Confidential medical data found abandoned on campus

Names, addresses and sensitive information discovered in unlocked filing cabinet at University of Bedfordshire

August 25, 2015
Confidential documents locked with padlock and chain

The University of Bedfordshire has launched a review after confidential medical data from teenage research participants was found abandoned in an unlocked filing cabinet.

Folders containing adolescents’ names, addresses, stages of puberty and other details were discovered during a clear-out of offices at Bedfordshire’s Luton campus in July, according to a source at the university.

Details of about 50 research participants had been left unsecured in a public office for more than two years following a research project in 2012, the source said. The files contained participants’ doctor’s details, as well as information about their percentage of body fat and diet.

The university quickly secured the files after being told that they were not under lock and key, the source said, but seemed unaware that the data had been there in the first place.

The research, which looked at differences in body fat distribution between different ethnic groups, was carried out in collaboration with Luton and Dunstable Hospital NHS Trust.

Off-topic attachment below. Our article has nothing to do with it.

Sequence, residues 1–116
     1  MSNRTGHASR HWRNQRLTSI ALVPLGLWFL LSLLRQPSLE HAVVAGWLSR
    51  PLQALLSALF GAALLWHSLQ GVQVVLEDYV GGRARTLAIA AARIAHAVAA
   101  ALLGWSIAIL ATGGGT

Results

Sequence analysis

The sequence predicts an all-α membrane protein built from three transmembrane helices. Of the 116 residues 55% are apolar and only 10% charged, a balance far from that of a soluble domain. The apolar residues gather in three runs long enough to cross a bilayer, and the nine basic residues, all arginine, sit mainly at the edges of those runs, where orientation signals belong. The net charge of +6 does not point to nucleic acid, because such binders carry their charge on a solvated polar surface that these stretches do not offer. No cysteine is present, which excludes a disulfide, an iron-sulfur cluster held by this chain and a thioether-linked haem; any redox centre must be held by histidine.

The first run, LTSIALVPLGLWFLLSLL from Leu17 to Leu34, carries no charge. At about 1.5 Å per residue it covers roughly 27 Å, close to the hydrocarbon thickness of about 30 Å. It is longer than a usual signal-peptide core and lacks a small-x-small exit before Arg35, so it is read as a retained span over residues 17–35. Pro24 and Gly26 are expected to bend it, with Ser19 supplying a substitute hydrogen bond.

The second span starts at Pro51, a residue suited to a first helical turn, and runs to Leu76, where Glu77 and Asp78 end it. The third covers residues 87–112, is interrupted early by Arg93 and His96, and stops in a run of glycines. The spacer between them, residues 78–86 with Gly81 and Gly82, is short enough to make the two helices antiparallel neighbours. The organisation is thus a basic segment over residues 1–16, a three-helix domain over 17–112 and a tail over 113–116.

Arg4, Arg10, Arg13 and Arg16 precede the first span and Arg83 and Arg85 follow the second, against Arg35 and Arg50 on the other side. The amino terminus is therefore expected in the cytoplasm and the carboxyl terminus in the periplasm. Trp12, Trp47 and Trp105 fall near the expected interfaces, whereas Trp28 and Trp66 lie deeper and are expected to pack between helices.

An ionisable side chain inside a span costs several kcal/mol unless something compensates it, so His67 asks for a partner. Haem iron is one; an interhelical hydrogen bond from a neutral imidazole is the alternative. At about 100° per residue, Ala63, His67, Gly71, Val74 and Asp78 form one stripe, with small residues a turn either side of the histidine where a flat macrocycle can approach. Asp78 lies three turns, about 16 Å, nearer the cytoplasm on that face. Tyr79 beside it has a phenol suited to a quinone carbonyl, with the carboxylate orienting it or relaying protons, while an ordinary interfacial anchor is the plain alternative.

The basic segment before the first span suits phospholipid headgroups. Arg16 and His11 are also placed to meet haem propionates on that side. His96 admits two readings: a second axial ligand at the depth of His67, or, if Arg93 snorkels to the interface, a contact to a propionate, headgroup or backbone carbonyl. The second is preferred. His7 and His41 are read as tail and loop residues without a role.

Concerns over the release of confidential medical data have grown in recent years, with a report in 2014 finding that there had been more than 7,000 incidents of data being either stolen or accidentally released since 2011.

In response to these concerns, earlier this year the Information Commissioner’s Office was given the right to force public healthcare organisations to carry out a compulsory audit of their data protection procedures.

No such power exists over universities, but the ICO can investigate those believed to be in breach of the Data Protection Act, and can fine institutions up to £500,000 for serious violations.

A spokeswoman for the university said in a statement: “The University of Bedfordshire can confirm some participant data, from a research project in 2012, that was found to be inappropriately stored was quickly and fully secured.

“A review has begun into why the university’s procedures for the oversight and security of data storage were not followed on this occasion. The staff involved with the project left the university some time ago. It would not be appropriate to comment further until this review has been carried out,” she said. 

david.matthews@tesglobal.com

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